Don't see how 100,000 Amis in A-stan forever greatly improves the odds on that variable, or how exactly it's a vital American interest.
We didn't commit to this thing for the sake of getting Pak to do anything in particular about Taliban.
"getting something done" is an abstraction. Getting what done exactly? There's lotsa somethings worth getting doned in this ball of confusion.
Did you see Kill/Capture? http://www.pbs.org/wgbh/pages/frontline/kill-capture/ Admittedly a one-sided look at what we're doing, but that doesn't make it bottom-line false. Very similar to that HBO thing I reviewed here a few months ago. There's a real self-subverting cost - not just to Afghans, but to us - to this extended ultra-expedition to the ends of the Earth, constantly producing stories like this: http://www.nytimes.com/2011/05/13/world/asia/13afghan.html .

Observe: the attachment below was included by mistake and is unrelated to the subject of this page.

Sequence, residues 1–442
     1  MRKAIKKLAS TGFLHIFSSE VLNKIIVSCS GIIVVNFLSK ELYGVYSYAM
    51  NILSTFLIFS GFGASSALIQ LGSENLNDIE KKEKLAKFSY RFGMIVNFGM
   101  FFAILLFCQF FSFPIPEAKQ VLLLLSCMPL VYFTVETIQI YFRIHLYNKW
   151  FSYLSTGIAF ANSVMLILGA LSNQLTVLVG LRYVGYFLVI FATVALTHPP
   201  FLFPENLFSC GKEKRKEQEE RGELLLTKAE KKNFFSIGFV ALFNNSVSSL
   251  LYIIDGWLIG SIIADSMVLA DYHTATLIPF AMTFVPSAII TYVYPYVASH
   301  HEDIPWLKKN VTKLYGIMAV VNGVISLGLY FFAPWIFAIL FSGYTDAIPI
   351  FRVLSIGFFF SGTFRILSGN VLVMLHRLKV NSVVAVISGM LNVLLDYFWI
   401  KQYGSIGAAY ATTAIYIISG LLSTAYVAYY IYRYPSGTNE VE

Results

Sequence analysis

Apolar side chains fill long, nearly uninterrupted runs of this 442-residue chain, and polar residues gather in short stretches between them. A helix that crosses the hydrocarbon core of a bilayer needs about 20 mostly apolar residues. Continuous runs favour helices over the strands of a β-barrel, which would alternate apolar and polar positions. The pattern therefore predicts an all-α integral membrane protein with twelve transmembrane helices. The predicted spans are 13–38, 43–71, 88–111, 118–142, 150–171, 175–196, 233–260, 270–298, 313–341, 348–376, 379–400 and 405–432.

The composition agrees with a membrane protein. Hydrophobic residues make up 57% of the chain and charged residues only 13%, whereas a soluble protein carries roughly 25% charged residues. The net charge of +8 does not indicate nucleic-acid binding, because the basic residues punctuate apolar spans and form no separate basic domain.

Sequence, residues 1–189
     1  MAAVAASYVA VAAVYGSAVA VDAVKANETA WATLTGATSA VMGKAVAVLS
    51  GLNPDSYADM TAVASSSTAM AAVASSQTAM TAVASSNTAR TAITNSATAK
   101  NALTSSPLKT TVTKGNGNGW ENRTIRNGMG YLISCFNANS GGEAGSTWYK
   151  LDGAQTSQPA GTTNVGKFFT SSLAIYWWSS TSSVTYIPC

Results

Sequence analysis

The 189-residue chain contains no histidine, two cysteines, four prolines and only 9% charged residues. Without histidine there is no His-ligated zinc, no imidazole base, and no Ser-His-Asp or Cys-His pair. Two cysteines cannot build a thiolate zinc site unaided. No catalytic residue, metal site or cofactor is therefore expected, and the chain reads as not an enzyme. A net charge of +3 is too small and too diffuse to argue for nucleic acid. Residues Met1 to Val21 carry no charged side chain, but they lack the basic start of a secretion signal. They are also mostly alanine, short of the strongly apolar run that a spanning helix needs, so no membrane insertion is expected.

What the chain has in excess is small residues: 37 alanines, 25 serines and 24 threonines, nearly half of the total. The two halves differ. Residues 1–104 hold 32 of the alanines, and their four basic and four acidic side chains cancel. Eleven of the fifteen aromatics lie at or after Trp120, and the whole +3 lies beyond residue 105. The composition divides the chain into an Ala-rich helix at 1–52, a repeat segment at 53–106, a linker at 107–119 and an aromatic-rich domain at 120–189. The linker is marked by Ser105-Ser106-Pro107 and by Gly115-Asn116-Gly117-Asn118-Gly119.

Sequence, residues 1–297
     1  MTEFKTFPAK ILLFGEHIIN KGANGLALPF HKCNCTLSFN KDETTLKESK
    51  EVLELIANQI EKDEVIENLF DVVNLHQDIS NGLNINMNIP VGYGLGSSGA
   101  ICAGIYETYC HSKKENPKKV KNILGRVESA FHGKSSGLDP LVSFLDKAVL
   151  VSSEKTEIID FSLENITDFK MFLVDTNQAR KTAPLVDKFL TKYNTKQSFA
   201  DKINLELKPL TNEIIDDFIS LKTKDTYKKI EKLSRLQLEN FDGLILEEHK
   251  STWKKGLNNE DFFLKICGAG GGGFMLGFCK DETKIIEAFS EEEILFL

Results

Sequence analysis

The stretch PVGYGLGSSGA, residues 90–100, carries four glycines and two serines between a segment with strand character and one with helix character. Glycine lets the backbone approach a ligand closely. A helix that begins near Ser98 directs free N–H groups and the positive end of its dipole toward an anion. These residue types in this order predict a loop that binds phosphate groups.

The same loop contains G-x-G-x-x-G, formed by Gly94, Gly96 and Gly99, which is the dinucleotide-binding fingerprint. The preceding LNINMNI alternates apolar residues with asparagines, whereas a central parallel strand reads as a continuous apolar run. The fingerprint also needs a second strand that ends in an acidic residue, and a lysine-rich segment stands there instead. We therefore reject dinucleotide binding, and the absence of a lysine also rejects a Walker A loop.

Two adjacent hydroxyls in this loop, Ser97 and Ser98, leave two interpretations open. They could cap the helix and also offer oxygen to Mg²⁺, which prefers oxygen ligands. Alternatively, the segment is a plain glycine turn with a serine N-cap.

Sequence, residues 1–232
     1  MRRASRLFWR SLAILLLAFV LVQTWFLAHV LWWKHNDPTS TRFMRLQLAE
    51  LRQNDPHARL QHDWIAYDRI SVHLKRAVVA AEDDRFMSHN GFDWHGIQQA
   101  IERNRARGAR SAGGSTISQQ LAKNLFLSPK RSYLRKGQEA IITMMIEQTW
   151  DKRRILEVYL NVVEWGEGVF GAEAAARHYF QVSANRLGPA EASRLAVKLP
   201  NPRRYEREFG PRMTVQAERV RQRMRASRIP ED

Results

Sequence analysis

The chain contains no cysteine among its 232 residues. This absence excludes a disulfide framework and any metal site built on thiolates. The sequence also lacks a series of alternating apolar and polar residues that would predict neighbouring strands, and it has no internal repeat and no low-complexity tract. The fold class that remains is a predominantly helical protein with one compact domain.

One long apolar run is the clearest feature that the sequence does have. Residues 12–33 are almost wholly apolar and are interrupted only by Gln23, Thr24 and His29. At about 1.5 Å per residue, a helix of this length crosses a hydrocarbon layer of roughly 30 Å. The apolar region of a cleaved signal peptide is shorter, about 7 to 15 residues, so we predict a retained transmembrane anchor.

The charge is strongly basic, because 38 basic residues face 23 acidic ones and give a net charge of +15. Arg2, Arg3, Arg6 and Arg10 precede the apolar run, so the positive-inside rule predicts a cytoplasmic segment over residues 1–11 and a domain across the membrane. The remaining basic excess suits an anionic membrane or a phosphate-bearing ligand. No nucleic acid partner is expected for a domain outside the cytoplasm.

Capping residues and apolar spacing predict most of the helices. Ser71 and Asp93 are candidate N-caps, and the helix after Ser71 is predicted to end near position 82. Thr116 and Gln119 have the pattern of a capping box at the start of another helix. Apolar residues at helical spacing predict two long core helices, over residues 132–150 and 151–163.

We can't make them like us, and we can't make them like us either. That doesn't mean you're wrong, but it does mean that we need a better justification than "get something done."
If BHO sed GTFO, it would still take a year or two to mostly GTFO, but I think we're def on the GTFO track. It's just a question of how fast, who first, and what we want to have left over.
If it's practical at all, I think we'll aim for a 20,000 or fewer air-suppliable, very air-mobile extremely bad group of good guys prepared to hammer down any major nails, but otherwise not enough concerned about AfPak border wars and other matters to contemplate re-escalation.
It took a lot less than that to take down the Taliban the first time around.
Maybe there’s a little more to do, Matt.
Or maybe those goals aren't attainable through a large expeditionary force breaking things and hurting people in and around Afghanistan. Maybe sustaining that force and its operations pushes those already distant goals even further away. Maybe it's time to move into the backswing after the decade-long forward sweep, among other things as the only way to find out what, if anything, we've actually accomplished.